Quick Survey: Chronic Fatigue Syndrome
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Chronic Fatigue Syndrome

What is Chronic Fatigue Syndrome? Is it really illness or is it just a psychological problem?

Chronic Fatigue Syndrome (CFS) or Chronic Fatigue and Immune System Dysfunction Syndrome (CFIDS), is a very real and very disabling physical illness that causes profound fatigue and muscle weakness following a viral illness. This syndrome is also known as Myalgic Encephalitis (ME), post-infectious neuromyasthenia, post-viral syndrome, yuppie flu, or formerly chronic Epstein Barr virus. CFIDS can cause injury to the brain, the immune system and the muscles of the people who suffer from it.

CFIDS was formerly thought to be caused by the Epstein Barr virus, but this has not been proven. Other viruses may also be associated with this syndrome, including herpes-6 virus, enteroviruses (coxsackie-B virus, poliovirus, echovirus, etc) hepatitis virus, influenza virus, adenovirus, and cytomegalovirus. For the viral infection to take hold, the immune system is usually already weakened by a number of causes, including the overuse of antibiotics and cortisone, major stress, poor diet and chronic yeast infections.

Dr. Byron Hyde, a leading Canadian CFIDS researcher, notes that like poliomyelitis, the incidence of CFIDS goes up after immunization, and also in late summer and early autumn. He strongly recommends that "individuals do not go to work in third world countries or start work in hospitals or schools during the first four weeks after immunization."

The official diagnosis of CFIDS can be made only after a thorough medical history, physical exam, mental status exam and laboratory tests are done to exclude other underlying or contributing conditions that require treatment. Then the patient must fulfil both of the following criteria:

The first criteria is six months or greater duration of clinically evaluated, unexplained persistent or relapsing chronic fatigue that is of new or definite onset (ie not lifelong), is not the result of ongoing exertion, is not substantially alleviated by rest, and results in substantial reduction in previous levels of occupational, educational, social or personal activities.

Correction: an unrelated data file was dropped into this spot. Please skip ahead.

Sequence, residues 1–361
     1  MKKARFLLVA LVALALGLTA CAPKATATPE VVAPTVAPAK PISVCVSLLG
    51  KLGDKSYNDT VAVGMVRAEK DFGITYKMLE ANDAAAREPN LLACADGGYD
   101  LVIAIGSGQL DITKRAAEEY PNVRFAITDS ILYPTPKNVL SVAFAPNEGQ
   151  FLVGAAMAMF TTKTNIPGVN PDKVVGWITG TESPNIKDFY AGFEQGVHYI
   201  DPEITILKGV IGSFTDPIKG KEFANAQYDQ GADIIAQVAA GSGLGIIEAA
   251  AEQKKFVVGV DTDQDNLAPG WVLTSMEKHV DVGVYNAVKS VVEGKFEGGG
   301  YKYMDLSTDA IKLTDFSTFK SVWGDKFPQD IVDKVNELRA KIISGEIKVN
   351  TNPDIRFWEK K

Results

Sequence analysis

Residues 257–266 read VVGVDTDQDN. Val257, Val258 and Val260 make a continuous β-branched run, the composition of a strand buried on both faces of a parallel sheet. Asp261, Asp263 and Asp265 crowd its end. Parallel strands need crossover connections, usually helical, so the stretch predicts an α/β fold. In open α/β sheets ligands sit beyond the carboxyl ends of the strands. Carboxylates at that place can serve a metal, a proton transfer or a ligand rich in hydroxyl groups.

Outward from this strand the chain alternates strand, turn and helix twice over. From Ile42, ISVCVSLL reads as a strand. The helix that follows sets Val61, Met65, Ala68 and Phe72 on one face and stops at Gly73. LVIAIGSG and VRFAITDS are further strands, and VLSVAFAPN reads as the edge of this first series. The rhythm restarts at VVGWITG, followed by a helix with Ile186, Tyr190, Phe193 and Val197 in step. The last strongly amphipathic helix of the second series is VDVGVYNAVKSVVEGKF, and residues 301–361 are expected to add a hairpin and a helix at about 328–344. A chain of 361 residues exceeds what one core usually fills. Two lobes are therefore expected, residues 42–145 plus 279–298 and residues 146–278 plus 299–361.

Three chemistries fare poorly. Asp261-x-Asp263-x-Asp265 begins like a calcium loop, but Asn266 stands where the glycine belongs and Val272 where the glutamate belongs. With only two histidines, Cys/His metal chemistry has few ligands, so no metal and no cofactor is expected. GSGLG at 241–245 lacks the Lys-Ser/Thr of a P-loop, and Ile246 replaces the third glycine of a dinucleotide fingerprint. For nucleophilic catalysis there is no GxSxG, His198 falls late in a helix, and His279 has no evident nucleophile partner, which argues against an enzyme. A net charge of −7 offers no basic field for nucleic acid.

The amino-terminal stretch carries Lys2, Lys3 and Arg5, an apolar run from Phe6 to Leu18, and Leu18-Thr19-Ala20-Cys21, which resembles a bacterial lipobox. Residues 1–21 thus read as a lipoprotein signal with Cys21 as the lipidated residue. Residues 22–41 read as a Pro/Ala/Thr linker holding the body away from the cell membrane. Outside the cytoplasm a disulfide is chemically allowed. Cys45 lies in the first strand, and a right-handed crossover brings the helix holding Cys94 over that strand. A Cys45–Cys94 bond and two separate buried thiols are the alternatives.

The second criteria is the concurrent occurrence of four or more of the following symptoms: substantial impairment in short term memory or concentration; sore throat; tender lymph nodes; muscle pain; multi-joint pain without joint swelling or redness; headaches of a new type, pattern or severity; unrefreshing sleep; and post-exertional malaise lasting more than 24 hours. These symptoms must have persisted or recurred during 6 or more consecutive months of illness and must not have pre-dated the fatigue. Annals of Internal Medicine (Dec 15/94-121;953-959).

People with CFIDS can be so tired they do not have enough energy to get out of bed. Brushing their teeth can become a major effort.

Dr. Hyde emphasizes the muscular component of the chronic fatigue syndrome. He defines the condition as, "a chronic illness of at least six months in duration, that develops after an acute infectious disease, in a well and physically active person. In this disease, the patient develops an unusual form of muscle failure experiencing fatigue, pain, or exhaustion in the exercised muscle."

Other important features of this illness, according to Dr. Hyde, are sleep disturbances, variability and fluctuations of symptoms, serious difficulty processing information (memory loss, lack of concentration, slurred speech, disorientation, loss of coordination) and generalized malaise.

Fibromyalgia, the "sore all over" syndrome may be part of CFIDS, with pain being a more prominent symptom than fatigue. In this condition, which affects mainly women in their late 30's and forties, there is generalized pain and aching throughout the body, morning stiffness, fatigue, disturbed sleep, and multiple tender spots on the body.

Specialized types of brain scans have shown decreased blood flow to the brian of CFIDS patients. After exercise, brain scans show even more drastic decreases in blood flow and brain function. In addition, some researchers have noted white abnormalities in certain areas of the brain.

Most blood tests are normal in CFIDS, but there may be abnormalities of immunoglobulins and T-cell function. In particular, there may be a decrease in natural killer cells, or an increase in helper cells or an increase in the ratio of helper cells to suppressor cells.

Dr. Byron Hyde has published a comprehensive 750 word textbook on CFIDS for doctors entitled, The Clinical and Scientific Basis of ME/CFS which is available through The Nightingale Research Foundation at 613-729-9643.

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